Thursday, October 7, 2010

Cushions & Technology


“In the first years of this magazine, technology was only a modest factor in its production. Harold Ross, the founder of The New Yorker, . . . was an editor acquainted with the nightmare of the empty page. Once, when he asked Dorothy Parker why she wasn't in the office writing, she replied, ‘Someone was using the pencil.’ ...

“Technology, the means of delivering this writing, is a very important, but secondary, matter, and we intend to keep providing the magazine in whatever form seems to work. Editors here are always willing to make improvements in the cause of writing. Take Mr. Ross again, and the way he encouraged E.B. White to finish an essay:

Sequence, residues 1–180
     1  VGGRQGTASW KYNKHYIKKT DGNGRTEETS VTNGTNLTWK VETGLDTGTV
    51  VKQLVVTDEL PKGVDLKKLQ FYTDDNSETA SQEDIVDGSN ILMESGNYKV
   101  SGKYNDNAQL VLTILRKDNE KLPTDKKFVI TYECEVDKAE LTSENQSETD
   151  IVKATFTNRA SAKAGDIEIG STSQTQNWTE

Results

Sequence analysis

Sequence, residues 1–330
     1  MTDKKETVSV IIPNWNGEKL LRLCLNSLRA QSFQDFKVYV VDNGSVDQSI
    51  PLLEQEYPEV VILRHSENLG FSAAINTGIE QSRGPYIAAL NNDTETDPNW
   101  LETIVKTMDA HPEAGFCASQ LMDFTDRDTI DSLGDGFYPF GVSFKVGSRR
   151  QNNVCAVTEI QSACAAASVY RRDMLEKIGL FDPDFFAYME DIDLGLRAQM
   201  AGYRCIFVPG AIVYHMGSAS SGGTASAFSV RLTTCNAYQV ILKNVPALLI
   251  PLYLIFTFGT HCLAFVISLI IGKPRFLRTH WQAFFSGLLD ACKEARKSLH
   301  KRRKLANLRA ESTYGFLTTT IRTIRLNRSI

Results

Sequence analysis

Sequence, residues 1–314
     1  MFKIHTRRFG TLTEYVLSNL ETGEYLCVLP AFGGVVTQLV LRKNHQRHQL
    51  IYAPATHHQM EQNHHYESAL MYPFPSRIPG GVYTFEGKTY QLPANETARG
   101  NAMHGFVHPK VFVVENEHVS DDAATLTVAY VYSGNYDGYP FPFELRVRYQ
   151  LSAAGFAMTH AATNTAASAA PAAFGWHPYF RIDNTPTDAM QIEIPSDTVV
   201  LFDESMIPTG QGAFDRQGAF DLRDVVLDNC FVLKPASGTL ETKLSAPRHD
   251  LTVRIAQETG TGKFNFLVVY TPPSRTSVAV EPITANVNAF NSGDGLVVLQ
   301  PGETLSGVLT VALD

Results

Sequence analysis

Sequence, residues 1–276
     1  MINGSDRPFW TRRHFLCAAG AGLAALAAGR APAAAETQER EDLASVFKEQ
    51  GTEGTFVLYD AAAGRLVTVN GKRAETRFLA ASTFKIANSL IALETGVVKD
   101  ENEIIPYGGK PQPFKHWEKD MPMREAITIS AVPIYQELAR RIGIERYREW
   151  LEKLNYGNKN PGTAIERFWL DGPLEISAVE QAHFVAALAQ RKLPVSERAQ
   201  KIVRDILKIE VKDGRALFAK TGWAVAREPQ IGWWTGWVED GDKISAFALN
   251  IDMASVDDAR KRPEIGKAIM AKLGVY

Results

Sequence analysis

“‘Mr. White: If you get that story done, I’ll take steps to get you a new cushion for your chair.’ H.W. Ross.

—The Editors, The New Yorker, announcing the magazine’s availability on iPad, Oct. 4, 2010

Editor’s Note: Don’t pad that column, Ross.

PeezPix: Autumnscape

HELP WANTED! JCOM @ USU opens a formal search for a new tenure-track faculty member to focus on the teaching of writing. Revolutionary! See job posting at Utah State University HR

NPR OMBUDSMAN Alicia C. Shepard talks about journalism. See The Hard News Cafe.

NOTE: Today’s WORD on Journalism is now on Facebook! Join up and rant daily! And join USU JCOM Alumni & Friends on FB.

1 comment:

  1. Reading about the New York Post on the Ipad..
    This is another example of technology threatening to close the newspaper industry. I think its a good thing because more people have easy access to the paper, therefore having easy access to issues but its also a bad thing because less money is being put into the industry.

    Kelsey Devaney